When composing shots for product photography, ask yourself what needs to be communicated. What info would a customer be able to gather by engaging with the product in a physical store space? How can you communicate that using the photos and the product description? If you can say it with a photo or image, do it.
The story you’re communicating will always be product specific. With some products, customers might benefit from using all 7 shots. With others, it might be more info than is needed. And in many cases,you’ll find that you can accomplish the objective of multiple shots in a single photo. This is only good, though, if you don’t compromise the effectiveness of any one shot by doing so.
This is an example of a product in action in its intended environment. This will be your most exciting shot. While the rest of the shots will communicate the more technical aspects, this shot illustrates the experience of using the product.
This is a shot that compares your product to another object that viewers can reference for size. Use an object that is universally familiar to the consumer. That could be an every day object, like a penny or a standard size coffee mug, or it could be an object that is common within that product’s field.
You might be able to combine this shot with a lifestyle shot. Be wary of using people for reference objects. A handheld object, for example, could look quite comfortable in the hand of a model. But the viewer has no way of telling if the model in the picture is much larger or smaller than them.
Detail or Feature Shot
Use closeups to to show all the features and details that are important to the consumer. In some cases, you might need multiple closeups from different distances to show how an intricate feature fits into its place or how it functions. Don’t overlook the power of detail. For example, consumers care about indicators of quality and workmanship, like fine stitching on apparel. You also might want to do a close up that indicates the quality of materials used.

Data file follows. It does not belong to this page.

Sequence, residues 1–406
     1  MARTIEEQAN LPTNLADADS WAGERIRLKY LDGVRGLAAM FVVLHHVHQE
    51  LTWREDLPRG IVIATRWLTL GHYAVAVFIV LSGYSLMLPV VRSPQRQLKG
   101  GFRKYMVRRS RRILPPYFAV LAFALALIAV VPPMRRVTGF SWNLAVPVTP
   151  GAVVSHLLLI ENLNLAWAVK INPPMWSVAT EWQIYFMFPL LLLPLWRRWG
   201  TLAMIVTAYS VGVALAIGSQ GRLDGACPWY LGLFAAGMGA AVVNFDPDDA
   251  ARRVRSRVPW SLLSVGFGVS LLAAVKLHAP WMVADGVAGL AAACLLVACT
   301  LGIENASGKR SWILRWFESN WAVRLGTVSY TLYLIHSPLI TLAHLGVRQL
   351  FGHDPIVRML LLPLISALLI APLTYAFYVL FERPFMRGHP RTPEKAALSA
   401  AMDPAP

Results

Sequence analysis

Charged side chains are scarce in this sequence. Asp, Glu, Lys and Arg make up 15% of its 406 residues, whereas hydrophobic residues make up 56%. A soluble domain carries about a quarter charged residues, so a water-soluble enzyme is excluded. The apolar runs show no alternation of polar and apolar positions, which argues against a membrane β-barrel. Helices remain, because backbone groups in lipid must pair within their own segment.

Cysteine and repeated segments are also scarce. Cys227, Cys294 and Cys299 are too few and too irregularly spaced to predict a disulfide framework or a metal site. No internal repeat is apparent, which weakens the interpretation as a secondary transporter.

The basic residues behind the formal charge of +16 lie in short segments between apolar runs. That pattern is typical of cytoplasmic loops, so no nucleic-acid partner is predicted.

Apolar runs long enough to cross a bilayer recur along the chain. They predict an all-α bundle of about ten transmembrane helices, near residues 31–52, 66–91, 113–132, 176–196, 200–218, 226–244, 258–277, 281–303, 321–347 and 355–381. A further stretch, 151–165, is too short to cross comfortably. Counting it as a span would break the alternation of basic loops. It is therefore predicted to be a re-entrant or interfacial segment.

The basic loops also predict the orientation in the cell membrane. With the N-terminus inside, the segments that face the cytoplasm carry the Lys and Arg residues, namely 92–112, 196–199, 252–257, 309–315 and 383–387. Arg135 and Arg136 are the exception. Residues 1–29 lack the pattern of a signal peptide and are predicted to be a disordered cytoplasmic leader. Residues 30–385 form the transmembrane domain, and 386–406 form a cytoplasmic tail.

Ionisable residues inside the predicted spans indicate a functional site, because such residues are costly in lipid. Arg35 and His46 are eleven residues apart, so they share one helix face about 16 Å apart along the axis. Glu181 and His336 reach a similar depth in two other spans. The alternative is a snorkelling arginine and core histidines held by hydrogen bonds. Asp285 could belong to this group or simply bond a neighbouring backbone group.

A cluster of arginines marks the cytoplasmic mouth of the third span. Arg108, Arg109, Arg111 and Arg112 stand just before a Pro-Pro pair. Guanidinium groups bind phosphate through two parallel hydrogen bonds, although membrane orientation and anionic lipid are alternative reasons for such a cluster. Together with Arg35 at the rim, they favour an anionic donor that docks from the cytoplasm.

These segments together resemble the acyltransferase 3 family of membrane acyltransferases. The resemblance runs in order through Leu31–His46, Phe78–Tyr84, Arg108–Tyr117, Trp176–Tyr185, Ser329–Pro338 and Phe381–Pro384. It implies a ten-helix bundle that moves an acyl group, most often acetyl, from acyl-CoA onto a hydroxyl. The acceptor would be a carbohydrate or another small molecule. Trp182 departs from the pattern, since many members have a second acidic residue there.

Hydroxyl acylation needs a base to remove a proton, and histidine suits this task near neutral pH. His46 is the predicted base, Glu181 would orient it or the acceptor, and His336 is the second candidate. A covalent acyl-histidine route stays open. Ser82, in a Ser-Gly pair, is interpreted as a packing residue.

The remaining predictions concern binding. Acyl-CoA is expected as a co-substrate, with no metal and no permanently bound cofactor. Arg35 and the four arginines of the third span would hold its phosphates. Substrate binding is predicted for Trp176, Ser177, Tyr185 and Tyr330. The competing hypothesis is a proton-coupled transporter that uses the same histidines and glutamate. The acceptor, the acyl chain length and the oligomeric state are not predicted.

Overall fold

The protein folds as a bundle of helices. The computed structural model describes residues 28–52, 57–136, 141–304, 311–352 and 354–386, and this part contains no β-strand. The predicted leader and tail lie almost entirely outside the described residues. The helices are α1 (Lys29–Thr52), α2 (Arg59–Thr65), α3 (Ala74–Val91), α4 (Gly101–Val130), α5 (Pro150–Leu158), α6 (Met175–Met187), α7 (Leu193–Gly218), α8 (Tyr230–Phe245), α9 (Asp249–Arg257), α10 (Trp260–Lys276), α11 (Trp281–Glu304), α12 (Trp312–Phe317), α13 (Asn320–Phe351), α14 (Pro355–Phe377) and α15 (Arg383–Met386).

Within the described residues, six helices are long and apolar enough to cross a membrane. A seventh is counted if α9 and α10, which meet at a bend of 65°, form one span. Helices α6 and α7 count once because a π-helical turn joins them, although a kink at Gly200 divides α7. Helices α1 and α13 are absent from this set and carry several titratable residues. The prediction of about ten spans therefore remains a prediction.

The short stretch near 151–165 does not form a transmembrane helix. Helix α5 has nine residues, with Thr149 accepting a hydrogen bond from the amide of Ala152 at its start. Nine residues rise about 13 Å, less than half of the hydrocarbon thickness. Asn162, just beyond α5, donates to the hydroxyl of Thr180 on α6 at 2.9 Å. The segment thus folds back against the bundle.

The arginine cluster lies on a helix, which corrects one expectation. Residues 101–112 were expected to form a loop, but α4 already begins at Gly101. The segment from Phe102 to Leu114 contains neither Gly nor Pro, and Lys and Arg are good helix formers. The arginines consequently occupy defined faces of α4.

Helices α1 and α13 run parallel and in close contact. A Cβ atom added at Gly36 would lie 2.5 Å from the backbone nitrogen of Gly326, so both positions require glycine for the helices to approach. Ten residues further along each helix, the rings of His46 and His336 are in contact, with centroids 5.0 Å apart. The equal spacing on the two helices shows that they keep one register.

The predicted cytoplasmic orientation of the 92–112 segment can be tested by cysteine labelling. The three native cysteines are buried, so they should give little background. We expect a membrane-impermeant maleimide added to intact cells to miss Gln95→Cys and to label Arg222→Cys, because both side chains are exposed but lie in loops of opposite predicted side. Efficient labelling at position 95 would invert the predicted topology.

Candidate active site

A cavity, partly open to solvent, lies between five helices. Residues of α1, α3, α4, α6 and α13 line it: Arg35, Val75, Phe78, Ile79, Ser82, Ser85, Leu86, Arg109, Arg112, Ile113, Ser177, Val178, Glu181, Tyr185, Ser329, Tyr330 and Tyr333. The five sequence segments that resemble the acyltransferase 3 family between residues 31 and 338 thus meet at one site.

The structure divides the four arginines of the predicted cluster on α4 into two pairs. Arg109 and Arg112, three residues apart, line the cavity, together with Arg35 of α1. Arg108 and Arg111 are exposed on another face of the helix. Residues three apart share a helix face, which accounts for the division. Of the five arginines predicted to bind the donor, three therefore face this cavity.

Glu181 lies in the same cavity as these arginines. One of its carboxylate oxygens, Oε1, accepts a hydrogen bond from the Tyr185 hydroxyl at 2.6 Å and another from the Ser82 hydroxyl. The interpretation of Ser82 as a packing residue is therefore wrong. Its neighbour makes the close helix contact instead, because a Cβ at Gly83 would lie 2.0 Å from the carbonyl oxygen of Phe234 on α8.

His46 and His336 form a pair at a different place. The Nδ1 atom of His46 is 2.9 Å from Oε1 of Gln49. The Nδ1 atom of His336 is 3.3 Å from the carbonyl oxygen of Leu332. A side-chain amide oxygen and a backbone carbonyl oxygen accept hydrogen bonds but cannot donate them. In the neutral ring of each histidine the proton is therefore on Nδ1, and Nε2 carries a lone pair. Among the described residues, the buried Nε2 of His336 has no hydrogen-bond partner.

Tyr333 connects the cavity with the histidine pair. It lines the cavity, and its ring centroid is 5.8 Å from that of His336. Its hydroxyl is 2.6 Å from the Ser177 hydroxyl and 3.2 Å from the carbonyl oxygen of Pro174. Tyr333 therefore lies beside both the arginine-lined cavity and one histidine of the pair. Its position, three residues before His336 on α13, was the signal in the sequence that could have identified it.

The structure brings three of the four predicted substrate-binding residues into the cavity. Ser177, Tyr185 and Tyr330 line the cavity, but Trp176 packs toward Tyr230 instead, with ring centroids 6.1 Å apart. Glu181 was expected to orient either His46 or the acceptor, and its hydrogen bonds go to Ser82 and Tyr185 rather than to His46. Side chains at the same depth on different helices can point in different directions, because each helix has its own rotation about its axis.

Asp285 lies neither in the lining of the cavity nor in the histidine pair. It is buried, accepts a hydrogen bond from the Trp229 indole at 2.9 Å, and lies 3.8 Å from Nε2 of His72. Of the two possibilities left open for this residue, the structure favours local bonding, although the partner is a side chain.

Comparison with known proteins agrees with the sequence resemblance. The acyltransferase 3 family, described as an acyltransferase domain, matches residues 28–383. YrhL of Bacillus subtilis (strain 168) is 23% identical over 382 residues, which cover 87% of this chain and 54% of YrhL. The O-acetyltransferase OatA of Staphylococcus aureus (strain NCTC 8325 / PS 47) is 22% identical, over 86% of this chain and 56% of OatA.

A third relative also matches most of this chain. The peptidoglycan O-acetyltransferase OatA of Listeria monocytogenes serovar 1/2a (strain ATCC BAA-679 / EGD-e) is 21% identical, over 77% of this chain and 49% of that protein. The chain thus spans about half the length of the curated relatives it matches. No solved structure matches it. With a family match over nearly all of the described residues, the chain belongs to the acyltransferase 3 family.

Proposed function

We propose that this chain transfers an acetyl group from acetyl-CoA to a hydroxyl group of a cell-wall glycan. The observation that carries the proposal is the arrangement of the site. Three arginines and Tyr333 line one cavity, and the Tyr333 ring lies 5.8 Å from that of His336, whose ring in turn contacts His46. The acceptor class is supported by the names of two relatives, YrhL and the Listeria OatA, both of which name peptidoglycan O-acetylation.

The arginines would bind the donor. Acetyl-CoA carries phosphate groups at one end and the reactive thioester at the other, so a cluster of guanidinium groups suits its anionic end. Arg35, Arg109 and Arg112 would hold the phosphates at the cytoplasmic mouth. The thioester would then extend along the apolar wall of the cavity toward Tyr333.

The packaging may be relevant to the consumer for multiple reasons. With some products, one might keep the packaging to store parts, or for return purposes. Or, if a product is fragile, the purchaser wants to know that the packaging is sufficient to keep their product safe during shipping. Laying the product out in its packaging can also be a good way to display all the parts in an organized fashion.
Individual vs Group Shot
Some products are next to useless without their counterparts. Think of a pack of colored pastel markers. Being artistically minded, the consumer wants to see what all the colors look like when neatly ordered in the package. This will make your shot deliver some sort of emotional payoff. However, group shots might make it difficult to see the full character of the individual pieces. Use them both as needed to convey the necessary information.
You might be able to combine an individual shot with a detail shot, if all the important details can be seen from a full shot of the individual piece.
You might be able to combine a group shot with a packaging shot. Going back to the colored pastels example, an individual shot will likely cover all the details, so the group shot can probably be done in the package.
This could be done with photos and/or videos. Again, the consumer wants to know what the experience of using the product is like -- how effective the product is, how difficult it is to use. This particular type of shot is more technical than a lifestyle shot, but you could combine the two if the nature of the product allows it.
If it’s not 100% obvious how a product works to everybody who might be interested in the product, include instructions.